Source: Company Press Release (
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>50% of COVID-19 deaths are attributable to acute respiratory distress syndrome (ARDS) from secondary healthcare-acquired infections such as ventilator-associated pneumonia (VAP) as indwelling catheters, i.e., endotracheal tubes, used for ventilation possess no evolved host-defense mechanisms to prevent bacterial settlement upon their surfaces (biofouling). ACatechol has developed a new class of innovative antifouling coatings by integrating the surface modification technique of silanization with powerful gemini-surfactant technology, which in pilot studies displays high levels of both hydrophilicity and resistance to bacterial colonization. This technology is well poised to endow catheters with unmatched antifouling properties and may clinically reduce the incidence of morbid secondary infections in intubated patients, preventing ARDS, and reducing overall COVID-19 mortality. This project will establish the feasibility of ACatechol's gemini-surfactant inspired coatings on catheters to resist fouling from clinically relevant pathogens (P. aeruginosa, S. aureus) by identifying optimal coating methods, superhydrophilic homologs, and evaluating biofouling resistance.
Antifouling performance is directly correlated with the interfacial physical properties; predominantly hydrophilicity, but charge density and uniformity of the surface are additional important considerations. We have identified structural homologs that are superhydrophilic, highly charged, and give molecularly uniform surfaces. Currently, we are systematically varying coating methods, and molecular structures, expanding our library of coating molecules through targeted synthesis to uncover key structure-activity relationships. We have also demonstrated antifouling resistance under clinically relevant conditions in vitro. Antifouling performance has been measured by biofilm assays, and we have accomplished the Milestone of <1% coverage of biofilm and >100% reduction in fouling relative to state-of-the-art catheters.
State-of-the-art approaches to prevent biofouling in catheters involve incorporation of biocidal Ag+ ions or deposition of hydrophilic polymers resembling traditional surfactants to the surface. However, such biocide-release coatings liberate Ag+ ions which are cyto- and genotoxic, and are subject to gradual depletion of the active agent, selecting for resistant strains. Meanwhile, the antifouling activity of hydrophilic polymers is limited by both intrinsically hydrophobic regions in the polymer backbone and the hydrophilicity of their conventional "parent" surfactants. To meet these challenges, ACatechol has developed a new class of antifouling coatings for biomedical device surfaces that combine structural elements of powerful gemini surfactants, displaying surface activities often orders of magnitude higher than their conventional counterparts, with the molecularly precise and durable surface modification technique of silanization. By mimicking the structures of gemini surfactants, incorporating multiple ionic "head" groups into the coating via silanization, hydrophilicity and antimicrobial properties will be greatly increased relative to conventional antifouling coatings.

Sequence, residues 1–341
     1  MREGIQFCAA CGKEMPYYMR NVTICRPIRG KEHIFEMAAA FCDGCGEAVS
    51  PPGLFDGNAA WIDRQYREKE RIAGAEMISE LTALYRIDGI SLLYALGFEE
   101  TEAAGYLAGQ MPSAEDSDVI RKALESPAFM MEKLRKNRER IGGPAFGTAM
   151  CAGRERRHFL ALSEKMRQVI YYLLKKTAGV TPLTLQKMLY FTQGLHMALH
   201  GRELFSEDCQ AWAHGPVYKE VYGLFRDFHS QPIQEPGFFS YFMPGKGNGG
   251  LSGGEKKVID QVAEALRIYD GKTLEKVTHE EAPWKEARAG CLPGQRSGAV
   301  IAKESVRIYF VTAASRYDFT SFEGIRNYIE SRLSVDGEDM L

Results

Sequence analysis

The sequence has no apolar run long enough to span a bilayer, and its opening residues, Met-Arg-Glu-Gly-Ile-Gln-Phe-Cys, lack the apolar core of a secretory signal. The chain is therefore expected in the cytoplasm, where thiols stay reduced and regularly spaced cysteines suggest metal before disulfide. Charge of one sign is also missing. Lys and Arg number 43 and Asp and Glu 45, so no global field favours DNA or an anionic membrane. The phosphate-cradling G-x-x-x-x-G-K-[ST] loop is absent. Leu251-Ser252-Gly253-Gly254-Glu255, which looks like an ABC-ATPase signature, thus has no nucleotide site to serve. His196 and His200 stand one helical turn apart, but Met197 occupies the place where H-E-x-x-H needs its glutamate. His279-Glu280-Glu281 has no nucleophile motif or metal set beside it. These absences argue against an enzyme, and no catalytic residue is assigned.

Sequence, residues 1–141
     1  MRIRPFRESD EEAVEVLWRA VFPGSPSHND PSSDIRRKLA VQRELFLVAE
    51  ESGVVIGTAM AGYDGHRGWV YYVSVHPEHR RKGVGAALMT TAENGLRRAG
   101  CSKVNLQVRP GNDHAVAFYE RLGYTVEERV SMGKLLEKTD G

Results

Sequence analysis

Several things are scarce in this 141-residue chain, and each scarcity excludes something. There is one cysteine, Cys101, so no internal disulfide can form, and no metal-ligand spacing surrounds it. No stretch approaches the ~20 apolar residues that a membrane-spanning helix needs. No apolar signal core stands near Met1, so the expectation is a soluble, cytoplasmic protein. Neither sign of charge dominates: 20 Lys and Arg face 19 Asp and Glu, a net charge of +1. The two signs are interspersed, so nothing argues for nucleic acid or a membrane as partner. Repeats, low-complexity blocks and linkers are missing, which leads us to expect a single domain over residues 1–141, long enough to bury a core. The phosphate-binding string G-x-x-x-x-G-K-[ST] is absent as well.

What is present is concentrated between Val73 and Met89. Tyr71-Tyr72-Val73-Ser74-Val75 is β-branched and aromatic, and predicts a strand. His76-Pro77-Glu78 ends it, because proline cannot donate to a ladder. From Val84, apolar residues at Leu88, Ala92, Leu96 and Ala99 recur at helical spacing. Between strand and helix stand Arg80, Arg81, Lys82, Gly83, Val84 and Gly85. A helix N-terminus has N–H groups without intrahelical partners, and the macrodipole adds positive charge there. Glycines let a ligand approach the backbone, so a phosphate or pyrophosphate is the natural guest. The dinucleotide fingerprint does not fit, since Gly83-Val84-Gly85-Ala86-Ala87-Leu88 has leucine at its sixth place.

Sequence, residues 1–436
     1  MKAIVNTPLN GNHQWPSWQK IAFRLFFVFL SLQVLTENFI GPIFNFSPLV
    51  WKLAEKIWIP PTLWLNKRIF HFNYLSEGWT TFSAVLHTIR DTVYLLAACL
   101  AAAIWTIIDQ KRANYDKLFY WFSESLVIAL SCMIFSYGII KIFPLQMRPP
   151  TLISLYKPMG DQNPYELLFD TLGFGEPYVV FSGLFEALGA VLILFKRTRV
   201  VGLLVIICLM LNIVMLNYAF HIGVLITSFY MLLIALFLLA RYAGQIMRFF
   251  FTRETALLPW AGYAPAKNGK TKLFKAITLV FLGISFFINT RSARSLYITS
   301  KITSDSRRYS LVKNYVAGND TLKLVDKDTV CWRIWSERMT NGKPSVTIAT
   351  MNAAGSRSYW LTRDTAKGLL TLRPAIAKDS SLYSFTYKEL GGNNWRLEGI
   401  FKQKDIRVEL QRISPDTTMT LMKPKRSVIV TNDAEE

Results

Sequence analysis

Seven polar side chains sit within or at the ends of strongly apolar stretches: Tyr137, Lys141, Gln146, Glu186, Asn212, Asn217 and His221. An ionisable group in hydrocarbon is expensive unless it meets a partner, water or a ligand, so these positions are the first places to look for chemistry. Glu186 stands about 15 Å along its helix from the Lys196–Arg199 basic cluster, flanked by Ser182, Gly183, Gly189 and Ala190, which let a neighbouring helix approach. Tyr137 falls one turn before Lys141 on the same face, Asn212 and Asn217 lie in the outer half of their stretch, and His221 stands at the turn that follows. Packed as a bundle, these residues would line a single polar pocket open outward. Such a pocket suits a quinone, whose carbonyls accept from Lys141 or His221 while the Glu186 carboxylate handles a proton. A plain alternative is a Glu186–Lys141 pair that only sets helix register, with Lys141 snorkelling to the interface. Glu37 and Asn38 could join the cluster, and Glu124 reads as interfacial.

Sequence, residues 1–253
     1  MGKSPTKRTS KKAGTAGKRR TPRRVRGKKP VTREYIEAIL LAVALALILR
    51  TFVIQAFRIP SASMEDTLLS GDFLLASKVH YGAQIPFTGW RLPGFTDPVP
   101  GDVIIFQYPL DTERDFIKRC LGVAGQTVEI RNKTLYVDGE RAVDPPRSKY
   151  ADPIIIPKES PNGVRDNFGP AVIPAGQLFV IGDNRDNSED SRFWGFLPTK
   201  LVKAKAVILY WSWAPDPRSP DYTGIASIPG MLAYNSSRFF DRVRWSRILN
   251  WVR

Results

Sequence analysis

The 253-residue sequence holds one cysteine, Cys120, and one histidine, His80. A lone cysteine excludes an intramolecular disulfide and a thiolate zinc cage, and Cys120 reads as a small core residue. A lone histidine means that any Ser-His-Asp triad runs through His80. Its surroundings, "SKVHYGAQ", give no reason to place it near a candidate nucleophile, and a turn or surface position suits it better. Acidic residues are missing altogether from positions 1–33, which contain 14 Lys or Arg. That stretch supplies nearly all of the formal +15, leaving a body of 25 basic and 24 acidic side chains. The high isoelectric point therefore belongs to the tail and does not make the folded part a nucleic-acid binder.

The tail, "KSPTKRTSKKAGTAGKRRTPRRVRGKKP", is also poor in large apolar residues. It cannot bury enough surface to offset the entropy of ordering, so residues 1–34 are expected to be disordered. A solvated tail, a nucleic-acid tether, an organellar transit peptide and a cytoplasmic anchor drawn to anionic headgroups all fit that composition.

The market for antifouling/antimicrobial catheters was valued at $45 billion in 2020 with 6.4% annual growth. To date, there is only one FDA-approved antimicrobial ETT (Bactigard®) which does not target fouling as the root cause of VAP, thus ETTs with our novel coatings may compete favorably. This technology can also be applied to other indwelling biomedical medical devices including intravenous, urinary-, central venous-, and hemodialysis catheters (estimated market size: $77.7 billion by 2026). By demonstrating a reduction in infection rates of even only a few percent, the economics of scale still favor widespread adoption of this technology. Moreover, by uncovering how coating molecular structure, interfacial properties and antifouling performance are correlated, this research will enable significant progress in the field of interfacial/surface science.